Master limited partnerships (or MLPs) differ from regular stocks in that interests in them are referred to as units and unitholders (not shareholders) are partners in the business. Importantly, these hybrid entities bring together the tax benefits of a limited partnership with the liquidity of publicly traded securities. The assets that these partnerships own typically are oil and natural gas pipelines and storage facilities.
The Zacks Oil and Gas - Refining & Marketing MLP industry is a sub-sector of this business model. These firms operate refined products' terminals, storage facilities and transportation services. They are involved in selling refined products (including heating oil, gasoline, residual oil, jet fuel etc.) and a plethora of non-energy materials (like asphalt, road salt, clay and gypsum).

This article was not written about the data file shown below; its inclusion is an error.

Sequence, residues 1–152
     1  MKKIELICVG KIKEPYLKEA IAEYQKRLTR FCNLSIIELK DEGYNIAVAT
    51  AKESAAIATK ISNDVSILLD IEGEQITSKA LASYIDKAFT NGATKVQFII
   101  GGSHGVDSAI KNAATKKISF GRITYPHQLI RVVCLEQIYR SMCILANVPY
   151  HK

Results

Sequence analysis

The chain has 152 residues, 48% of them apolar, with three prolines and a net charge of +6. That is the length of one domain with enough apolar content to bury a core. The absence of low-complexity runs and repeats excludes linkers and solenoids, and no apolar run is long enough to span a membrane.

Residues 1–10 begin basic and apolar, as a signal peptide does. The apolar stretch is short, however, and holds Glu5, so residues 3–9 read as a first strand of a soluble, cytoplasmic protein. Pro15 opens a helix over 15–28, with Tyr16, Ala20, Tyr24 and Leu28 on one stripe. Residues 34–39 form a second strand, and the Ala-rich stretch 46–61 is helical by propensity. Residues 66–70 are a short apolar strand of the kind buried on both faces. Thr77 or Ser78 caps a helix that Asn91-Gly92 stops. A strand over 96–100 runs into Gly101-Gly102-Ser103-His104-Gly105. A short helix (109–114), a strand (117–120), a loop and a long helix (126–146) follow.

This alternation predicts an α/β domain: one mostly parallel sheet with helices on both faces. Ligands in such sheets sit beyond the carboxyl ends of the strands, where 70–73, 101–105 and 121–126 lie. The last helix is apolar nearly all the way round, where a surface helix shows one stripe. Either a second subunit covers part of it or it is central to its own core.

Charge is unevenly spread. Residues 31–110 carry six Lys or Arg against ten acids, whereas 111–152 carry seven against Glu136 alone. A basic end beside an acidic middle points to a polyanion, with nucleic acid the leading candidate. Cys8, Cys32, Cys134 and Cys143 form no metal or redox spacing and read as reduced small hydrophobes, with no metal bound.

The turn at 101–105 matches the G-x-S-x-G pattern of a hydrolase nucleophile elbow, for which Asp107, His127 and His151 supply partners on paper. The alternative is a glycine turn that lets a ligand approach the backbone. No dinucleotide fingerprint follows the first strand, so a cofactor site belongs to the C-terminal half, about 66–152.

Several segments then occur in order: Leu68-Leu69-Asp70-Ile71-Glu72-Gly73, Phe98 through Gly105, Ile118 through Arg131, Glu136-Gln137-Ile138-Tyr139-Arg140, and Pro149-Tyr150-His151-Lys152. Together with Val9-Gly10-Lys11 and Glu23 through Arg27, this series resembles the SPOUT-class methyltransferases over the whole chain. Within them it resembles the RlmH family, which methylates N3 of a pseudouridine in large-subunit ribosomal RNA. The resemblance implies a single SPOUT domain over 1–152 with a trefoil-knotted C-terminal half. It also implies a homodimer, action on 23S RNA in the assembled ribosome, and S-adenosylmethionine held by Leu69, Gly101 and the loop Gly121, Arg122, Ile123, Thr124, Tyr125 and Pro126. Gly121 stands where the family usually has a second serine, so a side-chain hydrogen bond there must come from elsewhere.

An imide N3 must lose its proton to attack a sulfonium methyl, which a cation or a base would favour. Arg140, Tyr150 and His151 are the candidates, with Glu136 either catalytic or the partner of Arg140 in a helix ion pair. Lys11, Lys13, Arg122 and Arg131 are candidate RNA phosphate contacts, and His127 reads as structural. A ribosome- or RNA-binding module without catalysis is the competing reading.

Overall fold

Let’s take a look at the industry’s three major themes:
• Gasoline sales in the United States continued to tick up in recent weeks in a recovery from historic lows as the economy reopened and lockdown measures imposed to curb the coronavirus pandemic were eased. Further, oil product demand in China - the world’s second-largest energy consumer - has been gradually increasing. While overall usage remains well below pre-virus levels and stockpiles continue to swell, the refining and marketing operators should benefit from increased utilization that will also have a favorable impact on profitability.